Friday, October 9

Cloud-Based Strong Authentication

Yesterday, RSA and Verisign announced a partnership on cloud-based secure authentication for the consumer market. Pretty interesting stuff. The management of these organizations should be commended for looking past their competitive rivalry to identify a new business opportunity.

The solution isn't new. Verisign has been offering its VeriSign Identity Protection (VIP) authentication services for quite some time. I've had a token that I use with my PayPal account (and my OpenID) for the past couple of years (made in China by ActiveIdentity). But adoption of the offering has been less than overwhelming.

We could probably all count on one hand the number of people we know with a non-work-based authentication token. And most of those are likely tokens handed out by banks and other financial companies that are tied to a single account. The VIP solution gives you a token to use across multiple sites. And there are a few other perks as well.

I don't know what they charge to add this strong authentication to your site. But, I expect that it's more competitive than implementing your own solution. And the end-users benefit from a single token that can be used across systems.

RSA hasn't been wildly successful in getting tokens into the hands of consumers. So, partnering with Verisign seems like a good move - leverage an existing solution to sell more product. And Verisign customers benefit from more choice. RSA has a lot of token options and some are impressive. Their manufacturing is done at their headquarters in MA and the quality assurance process is top rate (I've been through the tour).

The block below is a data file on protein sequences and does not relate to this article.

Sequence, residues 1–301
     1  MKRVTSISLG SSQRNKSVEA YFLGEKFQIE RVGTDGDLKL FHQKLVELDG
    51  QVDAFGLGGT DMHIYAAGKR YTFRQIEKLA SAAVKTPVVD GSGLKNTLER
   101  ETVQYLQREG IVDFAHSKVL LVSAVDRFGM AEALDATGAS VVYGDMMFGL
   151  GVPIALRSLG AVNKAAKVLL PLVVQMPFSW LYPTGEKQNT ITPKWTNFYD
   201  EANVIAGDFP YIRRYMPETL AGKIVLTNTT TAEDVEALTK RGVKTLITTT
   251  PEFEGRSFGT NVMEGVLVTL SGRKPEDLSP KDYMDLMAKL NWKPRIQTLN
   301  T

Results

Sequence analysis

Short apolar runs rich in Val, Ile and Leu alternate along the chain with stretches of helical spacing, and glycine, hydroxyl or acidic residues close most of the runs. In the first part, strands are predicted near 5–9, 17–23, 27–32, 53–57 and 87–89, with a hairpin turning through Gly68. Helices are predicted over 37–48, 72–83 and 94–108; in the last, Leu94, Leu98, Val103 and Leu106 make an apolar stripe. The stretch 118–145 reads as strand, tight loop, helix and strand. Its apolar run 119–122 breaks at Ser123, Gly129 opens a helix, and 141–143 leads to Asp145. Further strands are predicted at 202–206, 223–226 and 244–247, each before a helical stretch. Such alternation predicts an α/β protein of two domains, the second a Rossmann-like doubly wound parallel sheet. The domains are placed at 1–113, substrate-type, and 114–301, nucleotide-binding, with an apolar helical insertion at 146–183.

In addition to overall quality, some provide additional convenience as well such as a token with an integrated smart chip (for access to encrypted laptops and digital signing) or the software tokens for BlackBerry, iPhone, Win Mobile, etc. that don't require an additional piece of hardware. I should note that the release only mentions hardware tokens, but in the consumer market, it would be a bad move to restrict usage to hardware only.

1 comment:

Matt Flynn said...

btw - ActivIdentity provides broad offerings. I don't want to sell them short. According to a company spokesman, they are leading the field in the OATH standard, are building alliances with endpoint security vendors to enable pre-boot authentication using smart cards or ISB tokens, and have an extensive array of soft-tokens (mobile, PC and web-based). (just a few examples)